The deadline for registration is August 28th. Register now. Please download the 2013 ANNUAL MEETING AGENDA for details. For questions about the annual meeting, please contact Ryan Koziatek at firstname.lastname@example.org or (269)381-1574 ext. 41.
Have Concerns about Fire in the Wildland-Urban Interface?
An op-ed from the Denver Post provides an interesting perspective (click here to read).
The white paper referenced by the author of the op-ed lays out the difference characteristics of 'common standard' and 'local option' states in more detail (click here to read).
An excellent Wildfire Lessons Learned write-up about the Citadel Fire Jump Spot RLS:
On July 21, 2013, at 1230, Jumper 49 with eight Smokejumpers was ordered to the Citadel Fire (HR0D) on Craig BLM. After standard smokejumper operations, the fire activity increased and the para-cargo in the jump spot was burned up by the fire. Smokejumpers were able to salvage their jumper gear. No injuries were sustained. Read more here.
Pictures “from space” of Oregon Wildfires: View website here.
National Preparedness Level raised to 5, first time since 2008:
The National Multi-Agency Coordinating Group (NMAC) (www.nifc.gov/news/nmac2/index.html) raised the national Preparedness Level (PL) to the highest possible today, PL 5. The primary reasons for going to PL 5 were:
Read more at: Wildfire Today | News
The high level of current fire activity in Idaho, Oregon and Utah, plus emerging large fires in California and Montana.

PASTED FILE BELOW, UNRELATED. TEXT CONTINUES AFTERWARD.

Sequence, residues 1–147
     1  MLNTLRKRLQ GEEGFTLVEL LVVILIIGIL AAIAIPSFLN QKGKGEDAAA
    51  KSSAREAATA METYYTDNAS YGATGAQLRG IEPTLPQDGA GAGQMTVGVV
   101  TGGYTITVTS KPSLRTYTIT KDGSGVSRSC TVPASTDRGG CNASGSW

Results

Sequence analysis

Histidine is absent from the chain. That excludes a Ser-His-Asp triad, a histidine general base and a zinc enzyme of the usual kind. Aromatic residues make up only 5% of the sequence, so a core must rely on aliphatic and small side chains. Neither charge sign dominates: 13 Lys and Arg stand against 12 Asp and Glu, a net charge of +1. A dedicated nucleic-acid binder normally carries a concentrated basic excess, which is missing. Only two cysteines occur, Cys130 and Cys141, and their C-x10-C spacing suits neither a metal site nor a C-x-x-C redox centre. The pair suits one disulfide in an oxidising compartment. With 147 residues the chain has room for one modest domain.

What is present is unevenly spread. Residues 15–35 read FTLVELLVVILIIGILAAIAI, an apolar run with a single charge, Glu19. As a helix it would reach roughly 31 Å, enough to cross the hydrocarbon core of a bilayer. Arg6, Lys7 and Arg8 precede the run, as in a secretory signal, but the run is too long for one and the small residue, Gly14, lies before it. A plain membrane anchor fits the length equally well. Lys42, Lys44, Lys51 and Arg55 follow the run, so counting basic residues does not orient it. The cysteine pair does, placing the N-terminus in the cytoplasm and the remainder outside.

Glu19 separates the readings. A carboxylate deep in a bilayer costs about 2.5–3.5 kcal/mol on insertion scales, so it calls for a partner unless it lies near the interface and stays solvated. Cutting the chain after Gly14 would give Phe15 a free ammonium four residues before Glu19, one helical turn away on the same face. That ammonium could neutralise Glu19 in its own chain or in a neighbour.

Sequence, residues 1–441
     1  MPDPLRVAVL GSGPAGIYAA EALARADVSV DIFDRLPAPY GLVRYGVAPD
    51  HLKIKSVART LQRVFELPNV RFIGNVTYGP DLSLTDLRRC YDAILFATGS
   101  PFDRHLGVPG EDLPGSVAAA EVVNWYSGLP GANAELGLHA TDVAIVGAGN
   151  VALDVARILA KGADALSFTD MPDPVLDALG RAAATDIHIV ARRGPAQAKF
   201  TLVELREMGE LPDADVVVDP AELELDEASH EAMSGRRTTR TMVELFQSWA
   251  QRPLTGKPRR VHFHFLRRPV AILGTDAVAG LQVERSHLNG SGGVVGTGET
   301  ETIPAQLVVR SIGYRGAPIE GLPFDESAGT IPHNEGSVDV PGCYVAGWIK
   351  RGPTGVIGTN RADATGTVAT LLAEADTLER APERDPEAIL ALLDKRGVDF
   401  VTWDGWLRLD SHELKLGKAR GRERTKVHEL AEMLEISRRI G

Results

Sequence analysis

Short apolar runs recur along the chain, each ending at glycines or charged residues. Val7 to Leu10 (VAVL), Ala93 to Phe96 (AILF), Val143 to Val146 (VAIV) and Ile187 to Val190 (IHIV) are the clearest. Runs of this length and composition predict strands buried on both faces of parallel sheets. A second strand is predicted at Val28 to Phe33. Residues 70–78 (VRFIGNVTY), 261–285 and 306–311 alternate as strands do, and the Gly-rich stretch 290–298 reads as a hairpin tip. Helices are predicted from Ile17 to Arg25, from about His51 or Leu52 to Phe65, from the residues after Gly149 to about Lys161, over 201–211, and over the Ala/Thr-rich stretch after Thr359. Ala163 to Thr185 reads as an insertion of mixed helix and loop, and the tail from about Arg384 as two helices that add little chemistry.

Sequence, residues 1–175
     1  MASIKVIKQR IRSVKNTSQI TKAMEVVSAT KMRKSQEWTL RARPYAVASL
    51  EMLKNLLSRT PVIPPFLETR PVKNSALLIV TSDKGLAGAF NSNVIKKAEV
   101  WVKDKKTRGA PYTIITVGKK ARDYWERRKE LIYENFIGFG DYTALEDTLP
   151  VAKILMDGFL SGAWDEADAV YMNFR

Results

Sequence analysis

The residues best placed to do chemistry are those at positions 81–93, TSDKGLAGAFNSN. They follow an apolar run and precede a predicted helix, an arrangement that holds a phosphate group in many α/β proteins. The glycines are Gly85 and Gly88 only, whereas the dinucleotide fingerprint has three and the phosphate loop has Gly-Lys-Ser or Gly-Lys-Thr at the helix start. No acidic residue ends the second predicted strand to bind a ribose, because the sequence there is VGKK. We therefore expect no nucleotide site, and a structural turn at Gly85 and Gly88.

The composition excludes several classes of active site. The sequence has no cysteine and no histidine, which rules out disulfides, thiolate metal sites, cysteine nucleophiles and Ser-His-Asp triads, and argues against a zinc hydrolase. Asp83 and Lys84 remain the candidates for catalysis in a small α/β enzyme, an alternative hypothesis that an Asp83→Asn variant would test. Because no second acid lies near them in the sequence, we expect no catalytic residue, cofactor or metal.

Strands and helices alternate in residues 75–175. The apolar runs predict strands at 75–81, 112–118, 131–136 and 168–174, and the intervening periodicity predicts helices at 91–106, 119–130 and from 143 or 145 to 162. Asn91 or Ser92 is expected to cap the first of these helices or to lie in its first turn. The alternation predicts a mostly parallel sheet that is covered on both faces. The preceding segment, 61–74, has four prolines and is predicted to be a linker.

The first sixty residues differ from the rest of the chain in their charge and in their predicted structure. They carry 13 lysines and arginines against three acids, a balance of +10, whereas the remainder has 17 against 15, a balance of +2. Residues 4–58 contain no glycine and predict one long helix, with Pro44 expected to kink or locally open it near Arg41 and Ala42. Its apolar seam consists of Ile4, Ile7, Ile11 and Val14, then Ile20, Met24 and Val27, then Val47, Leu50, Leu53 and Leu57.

A weather forecast that calls for the possibility of widespread lightning and hot and dry weather over an extended period.
Some shortages of national resources.
Prescribed Burning in Fire-prone Landscapes:
Interesting Read on Global Prescribed Fire Practices
The Ecological Society of America's first online-only Special Issue of Frontiers in Ecology and the Environment showcases prescribed burns around the globe, some of them drawing on historical practices to manage forests and grasslands in fire-prone regions.
The Online Special Issue looks at fire practices in the United States, Australia, southern Europe, South Africa and South America. One review article focuses on the cooperative efforts of U.S. ranchers in the Great Plains using fire to help control juniper encroachment on native grasslands. Another features traditional aboriginal approaches to minimize greenhouse-gas emissions from savanna fires in northern Australia, while traditional Mayan practices to produce "forest gardens" are applied to create spaces within the forest for different kinds of crops while contributing to soil fertility and sustaining wildlife are highlighted in another. Finally, in southern Europe, a significant challenge is contending with stringent laws that create obstacles for using managed burns to decrease wildfire risk and manage habitats for grazing and wildlife.
The August online-only issue of Frontiers is open access, as are all Frontiers Special Issues. "Prescribed Burning in Fire-prone Landscapes
" may be viewed at: http://www.esajournals.org/toc/fron/11/s1